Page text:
Hardware and operating system (OS). Rugged laptops have been around for years, but new pen-tablet systems can now provide better handwriting recognition. A point-and-tap stylus to select information from drop-down boxes increases efficiency and data collection accuracy. In addition, pen-tablets support signature capture for reports and offer drawing capabilities to permit inspectors to sketch diagrams or other pictures for preplans.

Devices ranging from light-duty tablets to mil-spec hardware are available from a variety of manufacturers (photo 1). All of these products are available with built-in wireless adapters, large hard drives, docking stations for vehicle mounts, and vehicle charging systems.

Although personal digital assistants (PDAs) and similar devices would seem to be viable solutions for field data collection because of their small size and relatively low cost, PDAs’ small screen size and inability to store large files were an impediment to first-generation solutions.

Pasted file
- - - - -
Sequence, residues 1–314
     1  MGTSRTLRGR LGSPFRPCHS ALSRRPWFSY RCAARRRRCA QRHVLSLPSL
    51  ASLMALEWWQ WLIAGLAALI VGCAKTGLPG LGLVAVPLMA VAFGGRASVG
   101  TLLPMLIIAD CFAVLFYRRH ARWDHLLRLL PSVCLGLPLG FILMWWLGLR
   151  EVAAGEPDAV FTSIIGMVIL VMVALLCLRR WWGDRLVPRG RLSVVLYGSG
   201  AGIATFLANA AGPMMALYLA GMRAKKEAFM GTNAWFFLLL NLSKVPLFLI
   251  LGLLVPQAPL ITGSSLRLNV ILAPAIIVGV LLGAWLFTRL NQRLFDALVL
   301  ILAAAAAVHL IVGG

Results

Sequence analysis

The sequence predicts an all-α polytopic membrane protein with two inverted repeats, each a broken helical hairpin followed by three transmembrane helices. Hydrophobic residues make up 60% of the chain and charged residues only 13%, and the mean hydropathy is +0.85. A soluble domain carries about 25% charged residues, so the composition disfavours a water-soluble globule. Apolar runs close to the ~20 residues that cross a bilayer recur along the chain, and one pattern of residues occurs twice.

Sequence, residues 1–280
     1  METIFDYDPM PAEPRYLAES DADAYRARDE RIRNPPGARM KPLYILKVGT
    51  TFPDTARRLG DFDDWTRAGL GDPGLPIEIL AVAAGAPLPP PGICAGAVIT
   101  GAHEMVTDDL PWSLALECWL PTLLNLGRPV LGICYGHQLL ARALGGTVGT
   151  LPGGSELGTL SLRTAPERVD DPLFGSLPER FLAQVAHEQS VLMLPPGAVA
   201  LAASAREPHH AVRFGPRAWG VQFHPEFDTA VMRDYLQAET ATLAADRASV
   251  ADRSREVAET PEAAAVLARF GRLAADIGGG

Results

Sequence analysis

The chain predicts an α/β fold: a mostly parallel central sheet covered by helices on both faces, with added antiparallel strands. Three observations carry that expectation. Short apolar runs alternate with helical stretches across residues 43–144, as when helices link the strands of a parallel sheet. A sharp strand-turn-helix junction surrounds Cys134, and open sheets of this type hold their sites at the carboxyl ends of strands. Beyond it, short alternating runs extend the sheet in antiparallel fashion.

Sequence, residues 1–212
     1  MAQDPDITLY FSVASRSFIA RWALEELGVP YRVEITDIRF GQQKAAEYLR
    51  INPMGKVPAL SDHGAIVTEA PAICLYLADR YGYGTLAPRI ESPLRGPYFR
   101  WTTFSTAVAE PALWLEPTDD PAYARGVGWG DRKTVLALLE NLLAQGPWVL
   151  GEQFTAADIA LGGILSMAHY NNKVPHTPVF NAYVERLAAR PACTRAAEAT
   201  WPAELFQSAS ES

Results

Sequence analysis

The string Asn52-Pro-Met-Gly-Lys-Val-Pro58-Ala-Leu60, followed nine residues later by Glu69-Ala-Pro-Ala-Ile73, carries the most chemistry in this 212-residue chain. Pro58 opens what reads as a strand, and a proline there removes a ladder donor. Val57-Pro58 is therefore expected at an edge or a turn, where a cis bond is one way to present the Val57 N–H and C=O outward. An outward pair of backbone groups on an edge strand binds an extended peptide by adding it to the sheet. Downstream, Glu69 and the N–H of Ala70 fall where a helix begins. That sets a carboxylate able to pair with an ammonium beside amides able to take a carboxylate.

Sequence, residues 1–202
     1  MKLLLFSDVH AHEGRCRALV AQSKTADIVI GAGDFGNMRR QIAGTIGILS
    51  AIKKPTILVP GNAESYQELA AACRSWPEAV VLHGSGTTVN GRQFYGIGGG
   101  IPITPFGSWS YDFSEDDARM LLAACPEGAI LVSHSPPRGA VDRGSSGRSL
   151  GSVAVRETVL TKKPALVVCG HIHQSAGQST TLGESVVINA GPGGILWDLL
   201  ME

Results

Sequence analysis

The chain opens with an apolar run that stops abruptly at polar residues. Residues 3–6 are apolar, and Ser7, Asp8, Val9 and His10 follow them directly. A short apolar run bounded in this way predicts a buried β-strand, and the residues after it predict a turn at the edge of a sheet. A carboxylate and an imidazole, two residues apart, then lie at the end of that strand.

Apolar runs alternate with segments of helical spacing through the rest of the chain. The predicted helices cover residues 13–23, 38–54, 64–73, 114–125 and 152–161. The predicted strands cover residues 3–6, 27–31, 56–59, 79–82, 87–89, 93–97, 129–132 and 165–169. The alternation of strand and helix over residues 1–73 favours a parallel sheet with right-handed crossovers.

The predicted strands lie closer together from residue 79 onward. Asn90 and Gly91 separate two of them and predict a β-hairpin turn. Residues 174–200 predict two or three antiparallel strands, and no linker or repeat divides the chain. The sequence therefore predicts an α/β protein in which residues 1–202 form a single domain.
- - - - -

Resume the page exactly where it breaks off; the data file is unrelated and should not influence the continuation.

Network connections. Moving data seamlessly from a mobile client to a back-office database requires a reliable and secure network connection. The widespread availability of public wireless networks makes data collection in the field a reality. In addition, many municipalities are building their own wireless networks using off-the-shelf 802.11x technology in either spread spectrum or “hotspot” configurations. The new 3G public networks and the private/public 802.11 systems provide unprecedented bandwidth to handle even the largest file transactions.

No matter what the system, there will always be locations in which wireless coverage is marginal or nonexistent. Thus, to be effective, mobile applications must function and provide access to critical data in either a connected or disconnected mode.